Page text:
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ROYAL AIR FORCE. COMMON CORE AND DEPLOYMENT SKILLS AIDE-MEMOIRE
Not all fire alarms are connected to reporting centres. It is therefore essential that, after using a fire alarm, a telephone or radio call be made. Following an enemy attack, the routing of calls may be through the GDCC or other designated control centre. Specialist firefighting support may not always be available as a result of higher priority tasks.
THE FOLLOWING DETAILS ARE REQUIRED:
◉ Number, rank, name.
◉ Location of fire.
◉ Type of fire.
◉ Casualties or missing personnel.
◉ Additional hazards.
MAKE SURE THAT YOU KNOW:
◉ The emergency procedures.
◉ The evacuation routes.
◉ Where alarms are located.
◉ Location of extinguishers.
BASIC FIREFIGHTING PRECAUTIONS
◉ If safe to do so, fight fire from upwind, do not enter the smoke.
◉ Ensure you have an unrestricted means of escape.
◉ Ensure that smoke in the building is not circling back along the ceiling to cut off your escape.
◉ Keep low and behind the extinguisher.
◉ Make use of walls for added protection from heat.
◉ If fire is beyond your control, evacuate area.
◉ Proceed to the assembly point, where a nominal roll will be called.
◉ Always call the Fire Service, even if the fire is apparently extinguished.
CLASSES OF FIRE
There are many types of combustible materials that can be involved in a fire. These are grouped into the following 4 classifications:
◉ Class A (Solids). Wood, paper, textiles.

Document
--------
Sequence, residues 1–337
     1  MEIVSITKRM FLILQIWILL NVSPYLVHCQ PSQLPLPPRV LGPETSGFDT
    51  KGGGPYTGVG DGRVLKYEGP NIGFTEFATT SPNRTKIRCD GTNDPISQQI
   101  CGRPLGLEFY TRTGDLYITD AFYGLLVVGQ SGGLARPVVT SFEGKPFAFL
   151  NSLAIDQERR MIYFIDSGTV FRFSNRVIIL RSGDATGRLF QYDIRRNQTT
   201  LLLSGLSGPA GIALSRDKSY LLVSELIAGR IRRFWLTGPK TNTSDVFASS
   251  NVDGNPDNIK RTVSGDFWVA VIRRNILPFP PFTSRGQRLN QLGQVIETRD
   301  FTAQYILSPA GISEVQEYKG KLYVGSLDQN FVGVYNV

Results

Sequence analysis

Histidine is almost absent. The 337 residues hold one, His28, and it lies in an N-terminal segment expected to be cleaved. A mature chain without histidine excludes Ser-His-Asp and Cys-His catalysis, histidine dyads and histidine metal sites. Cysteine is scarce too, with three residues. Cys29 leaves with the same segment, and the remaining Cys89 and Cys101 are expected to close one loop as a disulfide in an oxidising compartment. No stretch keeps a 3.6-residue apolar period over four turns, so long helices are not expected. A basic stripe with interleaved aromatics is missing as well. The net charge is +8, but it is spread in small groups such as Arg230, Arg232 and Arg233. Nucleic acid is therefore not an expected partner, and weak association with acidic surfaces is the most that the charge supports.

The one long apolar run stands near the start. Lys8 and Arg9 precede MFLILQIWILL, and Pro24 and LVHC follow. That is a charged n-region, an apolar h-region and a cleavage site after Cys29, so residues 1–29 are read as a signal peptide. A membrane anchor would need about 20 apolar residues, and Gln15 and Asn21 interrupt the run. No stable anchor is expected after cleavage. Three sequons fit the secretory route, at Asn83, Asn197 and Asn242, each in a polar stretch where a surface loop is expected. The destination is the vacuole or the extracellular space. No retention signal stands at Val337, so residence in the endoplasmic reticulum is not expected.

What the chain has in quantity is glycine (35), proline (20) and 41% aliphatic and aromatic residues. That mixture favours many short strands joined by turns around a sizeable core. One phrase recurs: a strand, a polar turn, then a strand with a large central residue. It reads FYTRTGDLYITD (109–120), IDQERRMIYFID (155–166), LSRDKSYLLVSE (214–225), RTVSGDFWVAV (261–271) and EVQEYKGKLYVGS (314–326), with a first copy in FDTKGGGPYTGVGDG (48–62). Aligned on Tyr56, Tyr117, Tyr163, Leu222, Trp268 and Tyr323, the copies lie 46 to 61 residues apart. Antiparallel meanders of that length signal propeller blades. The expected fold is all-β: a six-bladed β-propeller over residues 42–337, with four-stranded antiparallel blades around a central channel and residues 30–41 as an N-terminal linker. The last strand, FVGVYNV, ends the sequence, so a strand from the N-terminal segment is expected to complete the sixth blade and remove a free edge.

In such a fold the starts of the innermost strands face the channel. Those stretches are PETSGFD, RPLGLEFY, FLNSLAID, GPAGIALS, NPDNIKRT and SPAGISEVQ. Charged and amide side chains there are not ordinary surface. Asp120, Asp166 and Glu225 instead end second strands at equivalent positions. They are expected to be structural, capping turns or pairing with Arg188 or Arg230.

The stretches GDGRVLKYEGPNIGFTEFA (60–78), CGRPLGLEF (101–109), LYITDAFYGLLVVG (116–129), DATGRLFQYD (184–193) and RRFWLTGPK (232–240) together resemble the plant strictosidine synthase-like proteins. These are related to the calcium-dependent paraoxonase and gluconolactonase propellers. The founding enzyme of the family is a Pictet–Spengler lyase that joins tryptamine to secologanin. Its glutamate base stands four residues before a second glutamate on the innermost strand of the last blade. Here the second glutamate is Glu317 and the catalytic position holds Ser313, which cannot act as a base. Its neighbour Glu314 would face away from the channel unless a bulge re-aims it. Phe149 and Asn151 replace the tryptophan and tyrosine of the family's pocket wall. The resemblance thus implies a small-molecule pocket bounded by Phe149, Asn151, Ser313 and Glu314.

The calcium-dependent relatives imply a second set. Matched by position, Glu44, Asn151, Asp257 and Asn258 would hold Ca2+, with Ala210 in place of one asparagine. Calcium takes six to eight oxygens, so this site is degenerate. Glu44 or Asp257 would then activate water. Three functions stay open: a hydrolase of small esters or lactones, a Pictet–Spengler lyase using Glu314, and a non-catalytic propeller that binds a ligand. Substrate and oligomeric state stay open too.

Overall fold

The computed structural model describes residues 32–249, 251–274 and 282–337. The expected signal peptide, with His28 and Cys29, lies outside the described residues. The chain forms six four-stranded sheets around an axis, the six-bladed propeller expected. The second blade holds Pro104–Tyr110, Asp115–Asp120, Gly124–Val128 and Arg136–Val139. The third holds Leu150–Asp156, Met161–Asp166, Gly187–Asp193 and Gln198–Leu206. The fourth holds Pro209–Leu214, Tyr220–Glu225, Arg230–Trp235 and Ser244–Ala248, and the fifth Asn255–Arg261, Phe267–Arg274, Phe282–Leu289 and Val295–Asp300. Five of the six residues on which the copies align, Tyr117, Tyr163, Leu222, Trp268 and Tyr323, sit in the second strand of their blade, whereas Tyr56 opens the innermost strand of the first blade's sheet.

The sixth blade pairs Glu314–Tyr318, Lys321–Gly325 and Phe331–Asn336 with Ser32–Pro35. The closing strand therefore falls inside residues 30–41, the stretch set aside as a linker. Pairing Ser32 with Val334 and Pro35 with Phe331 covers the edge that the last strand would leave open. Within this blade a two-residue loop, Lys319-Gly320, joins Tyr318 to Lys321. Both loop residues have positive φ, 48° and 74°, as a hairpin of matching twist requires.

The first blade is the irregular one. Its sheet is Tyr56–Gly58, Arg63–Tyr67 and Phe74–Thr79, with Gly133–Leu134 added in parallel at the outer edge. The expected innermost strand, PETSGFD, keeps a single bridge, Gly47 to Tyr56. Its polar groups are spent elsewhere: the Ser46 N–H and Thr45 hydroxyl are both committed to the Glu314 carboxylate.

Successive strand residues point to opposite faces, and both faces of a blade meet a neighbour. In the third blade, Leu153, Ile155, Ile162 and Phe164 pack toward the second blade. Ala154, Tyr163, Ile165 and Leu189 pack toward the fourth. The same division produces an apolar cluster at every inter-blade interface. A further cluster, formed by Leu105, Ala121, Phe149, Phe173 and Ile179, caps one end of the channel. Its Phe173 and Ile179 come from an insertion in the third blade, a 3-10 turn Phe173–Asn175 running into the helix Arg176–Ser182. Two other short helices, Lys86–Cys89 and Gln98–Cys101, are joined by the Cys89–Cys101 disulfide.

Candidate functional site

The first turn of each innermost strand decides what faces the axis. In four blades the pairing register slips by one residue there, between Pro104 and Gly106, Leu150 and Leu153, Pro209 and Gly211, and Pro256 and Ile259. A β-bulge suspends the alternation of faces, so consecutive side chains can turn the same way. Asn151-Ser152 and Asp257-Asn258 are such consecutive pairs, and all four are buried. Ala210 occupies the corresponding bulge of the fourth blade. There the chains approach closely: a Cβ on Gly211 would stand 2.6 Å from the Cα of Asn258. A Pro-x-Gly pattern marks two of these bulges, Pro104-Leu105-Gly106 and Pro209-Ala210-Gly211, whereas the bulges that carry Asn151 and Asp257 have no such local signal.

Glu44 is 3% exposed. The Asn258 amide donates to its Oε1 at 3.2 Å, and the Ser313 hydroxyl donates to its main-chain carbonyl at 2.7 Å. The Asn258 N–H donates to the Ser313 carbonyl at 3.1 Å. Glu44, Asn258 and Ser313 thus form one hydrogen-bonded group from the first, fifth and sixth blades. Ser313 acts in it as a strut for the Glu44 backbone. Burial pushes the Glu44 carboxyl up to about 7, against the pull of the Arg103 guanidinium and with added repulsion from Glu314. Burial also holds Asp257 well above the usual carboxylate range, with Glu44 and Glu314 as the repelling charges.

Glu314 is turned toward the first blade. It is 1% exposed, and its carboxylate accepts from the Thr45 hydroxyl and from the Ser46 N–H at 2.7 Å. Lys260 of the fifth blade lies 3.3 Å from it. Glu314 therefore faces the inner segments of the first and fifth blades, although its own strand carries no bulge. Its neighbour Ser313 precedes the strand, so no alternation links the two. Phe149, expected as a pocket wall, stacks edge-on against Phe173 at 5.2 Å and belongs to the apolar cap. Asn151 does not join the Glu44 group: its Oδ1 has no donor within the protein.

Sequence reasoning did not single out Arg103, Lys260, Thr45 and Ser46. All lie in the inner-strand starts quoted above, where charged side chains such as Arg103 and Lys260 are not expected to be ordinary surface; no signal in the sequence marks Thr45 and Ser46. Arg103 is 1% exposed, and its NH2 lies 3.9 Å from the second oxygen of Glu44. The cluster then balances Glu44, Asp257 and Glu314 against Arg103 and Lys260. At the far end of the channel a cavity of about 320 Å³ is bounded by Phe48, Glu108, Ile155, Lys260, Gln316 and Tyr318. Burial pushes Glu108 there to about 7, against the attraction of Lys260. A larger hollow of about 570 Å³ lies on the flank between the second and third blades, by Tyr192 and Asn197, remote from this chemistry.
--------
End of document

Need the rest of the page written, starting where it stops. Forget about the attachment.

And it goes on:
◉ Class B (Liquids). Petrol, oil, paints, fats, waxes. Class C (Gases). Piped domestic gas mains. Cylinders of propane, butane, acetylene, hydrogen, etc.
◉ Class D (Metals). Magnesium alloys.
ELECTRICAL FIRES Electrical fires do not constitute a class of their own. When dealing with a fire involving electrical equipment it is essential to:
◉ Isolate the electrical supply.
◉ Use an extinguishing media appropriate to the material that is burning.
When the electrical supply cannot be isolated with certainty, or if the electrical appliance is of the type that retains an electrical voltage after isolation, a non-conducting firefighting media, such as carbon dioxide (C02) or dry powder, should be used.
MOD buildings and installations are scaled and issued with hose reels or extinguishers appropriate to the role of the building and for any fire risks or special processes carried out. It is essential that personnel can identify and select the correct extinguishing media appropriate to the class of fire, these are:
◉ Class A (Solids). Water in the form of a jet or spray.
◉ Class B (Liquids). Foam, C02 or dry powder. DO NOT use water.
◉ Class C (Gases). Firefighting should be left to the Fire Service.
◉ Class D (Metals). These are specialist fires and should only be dealt with by the Fire Service, unless specifically trained.
WALL-MOUNTED FIRE HOSE REELS
Wall-mounted fire hose reels may vary in make and design. Some may require a main water valve to be manually opened, while others automatically open the water supply when the drum is swung out or when the hose is run out. Regardless of the type and make, the following sequence of operations is to be carried out:
◉ Ensure the water supply is fully open as indicated on the hose reel operating instructions.